Home | Contact | Sitemap | 中文 | CAS
Home News About Us Research People International Cooperation Graduate Education Papers Join Us
Int‘l Cooperation News
Upcoming Events
Location: Home > News > Events

2001 Flood Left Legacy of Contamination
Time: 2012-02-08
Text Size: A A A

Tan Shi is used to heavy rain, so it never occurred to him during a weeklong storm in 2001 that the inundation would pose lethal dangers for years. 

It was not a "dramatic" storm by South China standards, where typhoons are not unusual. All 90 people in Tan's village - Fulong, in Huanjiang county, the Guangxi Zhuang autonomous region - survived. 

But the rainstorm flooded three depleted iron mines on an upstream bank of the Dahuan River and inundated 667 hectares of farmland. 

Tong Yue'e, a 58-year-old villager, cultivates herbs in December to be transplanted onto polluted land in Huanjiang county, the Guangxi Zhuang autonomous region. After it is transplanted, the plant will absorb heavy metals that contaminate the soil. Much of the land in the area was contaminated by residue left after a flood in 2001. Cheng Yingqi / China Daily

After the floodwaters receded in June 2001, Tan said, foul-smelling, various-colored substances coated the corn and sugarcane fields. 

"I was only 16 and not at all aware of the damage these substances could do," Tan said. 

Crop yields decreased sharply in the village. Worse yet, about 10 people were diagnosed with tumors in the ensuing years, and some of them died. 

The killer was those substances, Tan and his fellow villagers learned several years after the storm. 

"When I found out, my heart sank, and I thought it was the end of the world," he said. 

The mixtures of lead, zinc, sulfur and arsenic "will kill you if you ingest only half a gram of them in a day", said Lei Mei, a professor at the Center for Environmental Remediation of the Institute of Geographic Sciences and Resources Research, under the Chinese Academy of Sciences. 

Hope came in 2010, however, when a group of scientists planted Pteris vittata, or Chinese brake fern, in every corner of the village.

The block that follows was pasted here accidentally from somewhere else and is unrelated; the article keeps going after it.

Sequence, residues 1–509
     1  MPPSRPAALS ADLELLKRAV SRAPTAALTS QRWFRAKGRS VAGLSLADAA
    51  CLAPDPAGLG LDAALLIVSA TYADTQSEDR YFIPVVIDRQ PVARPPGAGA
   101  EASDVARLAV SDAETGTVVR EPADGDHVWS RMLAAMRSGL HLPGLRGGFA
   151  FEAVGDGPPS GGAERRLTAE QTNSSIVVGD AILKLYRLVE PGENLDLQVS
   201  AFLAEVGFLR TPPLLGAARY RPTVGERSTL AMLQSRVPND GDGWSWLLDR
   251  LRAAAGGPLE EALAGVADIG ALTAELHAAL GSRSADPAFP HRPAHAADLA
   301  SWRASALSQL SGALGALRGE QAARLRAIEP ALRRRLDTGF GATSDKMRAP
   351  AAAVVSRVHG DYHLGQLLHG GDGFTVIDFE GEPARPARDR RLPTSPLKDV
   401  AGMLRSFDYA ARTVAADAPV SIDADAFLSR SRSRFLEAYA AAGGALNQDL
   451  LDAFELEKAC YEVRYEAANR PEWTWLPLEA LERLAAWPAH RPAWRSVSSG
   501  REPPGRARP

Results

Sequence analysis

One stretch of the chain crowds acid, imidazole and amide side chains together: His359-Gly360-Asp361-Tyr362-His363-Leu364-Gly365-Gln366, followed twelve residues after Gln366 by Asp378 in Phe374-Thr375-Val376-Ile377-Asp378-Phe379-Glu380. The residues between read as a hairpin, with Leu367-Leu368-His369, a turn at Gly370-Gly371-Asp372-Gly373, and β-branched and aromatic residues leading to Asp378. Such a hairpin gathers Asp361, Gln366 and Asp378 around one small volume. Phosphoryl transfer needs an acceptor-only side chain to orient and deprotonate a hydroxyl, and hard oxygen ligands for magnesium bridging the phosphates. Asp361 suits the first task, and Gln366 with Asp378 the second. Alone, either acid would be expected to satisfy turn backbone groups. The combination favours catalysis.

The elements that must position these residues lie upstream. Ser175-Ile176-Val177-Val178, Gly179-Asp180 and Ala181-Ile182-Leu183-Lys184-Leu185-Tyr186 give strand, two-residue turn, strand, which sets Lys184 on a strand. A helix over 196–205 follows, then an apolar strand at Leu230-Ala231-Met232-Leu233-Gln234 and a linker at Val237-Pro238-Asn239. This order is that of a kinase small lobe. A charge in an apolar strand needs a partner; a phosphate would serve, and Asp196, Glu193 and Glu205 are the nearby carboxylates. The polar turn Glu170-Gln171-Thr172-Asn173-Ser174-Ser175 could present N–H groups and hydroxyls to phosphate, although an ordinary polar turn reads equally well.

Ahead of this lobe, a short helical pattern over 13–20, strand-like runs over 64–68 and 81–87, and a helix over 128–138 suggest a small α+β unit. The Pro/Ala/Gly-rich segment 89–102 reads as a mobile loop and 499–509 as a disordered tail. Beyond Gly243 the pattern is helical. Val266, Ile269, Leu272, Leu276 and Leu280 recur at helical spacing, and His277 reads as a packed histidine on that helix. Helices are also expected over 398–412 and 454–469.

The plant absorbs heavy metal contaminants from the soil bit by bit. 

Chen Tongbin, director of the environmental remediation center, said the fern has been the focal point of the academy's land-cleaning effort in Hechi since lab experiments proved its cleansing ability in 2005. 

Chen's team has planted 60 hectares of polluted land in Hechi with the fern since 2010, and by the end of this year, 85.3 hectares will be covered. After that, the method will be promoted in more places across the country. 

"Having a way to remove pollutants from soil is important because more than 90 percent of all kinds of pollutants in the air or water end up in the soil," Chen said. 

China has more than 10 million hectares of arable land that is contaminated by heavy metals, according to a survey released by the Ministry of Land and Resources in 2006, the latest data available. By late 2008, the country had 121.73 million hectares of arable land to feed its population of 1.37 billion. 

After the fern becomes saturated with heavy metals in polluted soil, the aboveground part of the plant is cut off and burned. A new shoot grows from the root, and the process is repeated. 

Chen said the ashes of the destroyed fern top can be refined to recover chemicals. 

Lab results show the plant can reduce heavy metals in soil by 10 percent a year, and, theoretically, minimize pollutants to safe levels within three to five years. 

The farmers of Tan's Huanjiang county are encouraged by improvements in their land, where the fern grows alongside crops. 

The corn Tan harvested last spring was a bit harder and less juicy than corn from other areas. But "it's better than nothing", he said. The heavy metals in the corn do not exceed safe levels. 

Tan kept some corn for seed and sold some as animal feed. 

"The income was not very handsome, but it gives me hope that my land can be fertile soon," Tan said. "And as soon as my land recovers enough to bring in reasonable earnings, I'll marry." 

Scientists worked for years to develop a method of using vegetation to clean polluted soil. Since the 1990s, Chen and his colleagues visited thousands of deserted mines looking for a plant that could recycle the pollutants. 

"The most difficult part was to distinguish a plant that 'eats' heavy metals from those plants that are merely immune to them," Chen said. 

Scientists tried vast numbers of plants, which were brought to the lab by train. 

"While other people lined up to buy train tickets for themselves, I often bought them for me and my plants," Chen said. 

Despite the proven benefits, the cleansing method has potential hazards. 

"Burning the plants produces smoke. If the method is promoted nationwide, there will be a lot of smoke," said Sun Honglie, a member of the Chinese Academy of Sciences. 

"Additional research should be done to ensure a safe means of disposing of the fern," Sun said. 

Similar experiments have been conducted since 2007 at a polluted 6.7-hectare site in Gejiu, Yunnan province. The soil there is already clean enough to cultivate sugar cane that meets the national safety standards. 

(China Daily)

Copyright 2009 by Institute of Process Engineering, Chinese Academy of Sciences, All Right Reserved